There are few personal brands in the digital marketing world more powerful than that of Brian Clark.
For that reason, the old cliche “needs no introduction” should apply. But just in case you’ve been hidden under an equally-cliched rock, Brian Clark is the founder and CEO of Copyblogger, arguably the best-known and most successful site in the field of producing content that generates revenue.
More recently, Brian launched the Rainmaker Platform, a “complete website solution for building your online marketing and sales platform,” started the Rainmaker.fm podcast (which has now become a full-scale podcast network), and just to fill his idle hours, also started Further, a weekly email curating the best content on how to lead a healthier, more productive life.
While every site, product, and venture listed above is awesome in its own right, there is no denying that much of the success of those various enterprises is due to the personal brand that is Brian Clark. Brian’s warm, approachable nature, sense of humor, and superior ability to communicate in both writing and speech have earned him a loyal and appreciative audience who love, follow, and sign up for, whatever he produces.
So it surprised me a bit when at last week’s Social Media Marketing World conference in San Diego, I heard Brian say from the stage:
I never concern myself with my “personal brand.” It’s far better to build something bigger than yourself. Then your personal brand will take care of itself.
When I heard one of the most powerful personal brands in my industry say that his secret is never thinking about his personal brand, I needed to know more.
So I met up with Brian Clark after his presentation to ask him what he meant by that. What follows is what he told me in that conversation (slightly edited for clarity and concision).
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Brian Clark: I kind of find the concept of personal branding odd in that it seems to be a euphemism for self-promotion, and doing that doesn’t necessarily involve providing value to others. It’s just elevating yourself.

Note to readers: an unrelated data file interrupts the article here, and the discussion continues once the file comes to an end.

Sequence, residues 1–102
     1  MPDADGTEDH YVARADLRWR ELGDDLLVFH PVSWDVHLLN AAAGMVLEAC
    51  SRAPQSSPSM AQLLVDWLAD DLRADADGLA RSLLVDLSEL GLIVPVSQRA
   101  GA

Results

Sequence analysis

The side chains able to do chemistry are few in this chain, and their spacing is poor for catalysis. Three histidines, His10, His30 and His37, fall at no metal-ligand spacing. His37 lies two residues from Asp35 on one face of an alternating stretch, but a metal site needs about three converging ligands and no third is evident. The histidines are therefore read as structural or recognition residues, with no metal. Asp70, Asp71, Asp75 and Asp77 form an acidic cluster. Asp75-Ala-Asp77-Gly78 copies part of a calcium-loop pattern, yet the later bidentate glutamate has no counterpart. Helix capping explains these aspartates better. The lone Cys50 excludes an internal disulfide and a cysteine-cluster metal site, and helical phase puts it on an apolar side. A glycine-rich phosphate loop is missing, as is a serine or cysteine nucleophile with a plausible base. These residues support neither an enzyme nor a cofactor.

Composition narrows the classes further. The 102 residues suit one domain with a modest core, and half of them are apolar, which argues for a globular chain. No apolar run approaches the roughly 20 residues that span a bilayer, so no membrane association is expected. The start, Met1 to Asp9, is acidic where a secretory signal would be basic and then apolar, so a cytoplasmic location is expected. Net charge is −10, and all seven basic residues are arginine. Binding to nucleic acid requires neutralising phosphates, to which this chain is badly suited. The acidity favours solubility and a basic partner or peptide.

I don’t think it works that way.
It’s similar to how we talk about content marketing. It’s media, in the sense that people want it, as opposed to marketing, which they try to avoid. And yet it still does the job of marketing.
So, in regard to a personal brand, I see it as you working on something bigger than yourself, that delivers value to others. In Copyblogger’s case, that’s been content that first and foremost built an audience, and that in turn allowed us to build our company.
It’s Never Been About Brian Clark
Brian Clark: Along the way, it’s never been about Brian Clark. I’m not necessarily looking for attention, and yet you can’t stop it from happening. Even nine years later it’s still the same thing.
So my “personal brand” worked itself out just fine by focusing on delivering value to others. That’s why they value you as a person. That’s how they get to know you as a person, as opposed to just being a relentless self-promoter.
Now, there are some people who I think do personal branding the right way, but do we really need that terminology? I think it confuses other people out there. They spend a lot of time on building their personal brand, but end up coming across as “that guy,” instead of working on building value. They should be building a legitimate following of people based on value, as opposed to trying to run straight for the cult of personality thing.
Everyone wants to be a star. Well, how did anyone get there? By hard work, and delivering value and benefit to others.
Personal Brands and Company Brands
For some time now, I (Mark) have been studying the powerful effect of personal brands representing a corporate brand. Since Copyblogger has generated several such Personal Brand Representatives (PBRs), I asked Brian for his take on that concept.
Brian Clark: The interesting thing within an existing brand, whether it be enterprise or SMB, is that you have people within the company who are personal brands. You have to go out there and let them shine. But again, they are shining by delivering value to prospects, and with perspectives that don’t necessarily need to come just from the marketing department.
I know that’s a big challenge for a lot of companies. It’s hard for even the founders or owners of the company to get behind that idea. But that’s where we’re at.
So you have a collection of personalities, and maybe even mini-celebrities, within your walls. Maybe it’s you; maybe it’s Jane from accounting. You have to turn them loose, not to build themselves up, but to show what the brand stands for. In the process, they are going to get their own little followings. But all that acts to build the trust and reputation of your brand.
Listen to an audio version of this interview.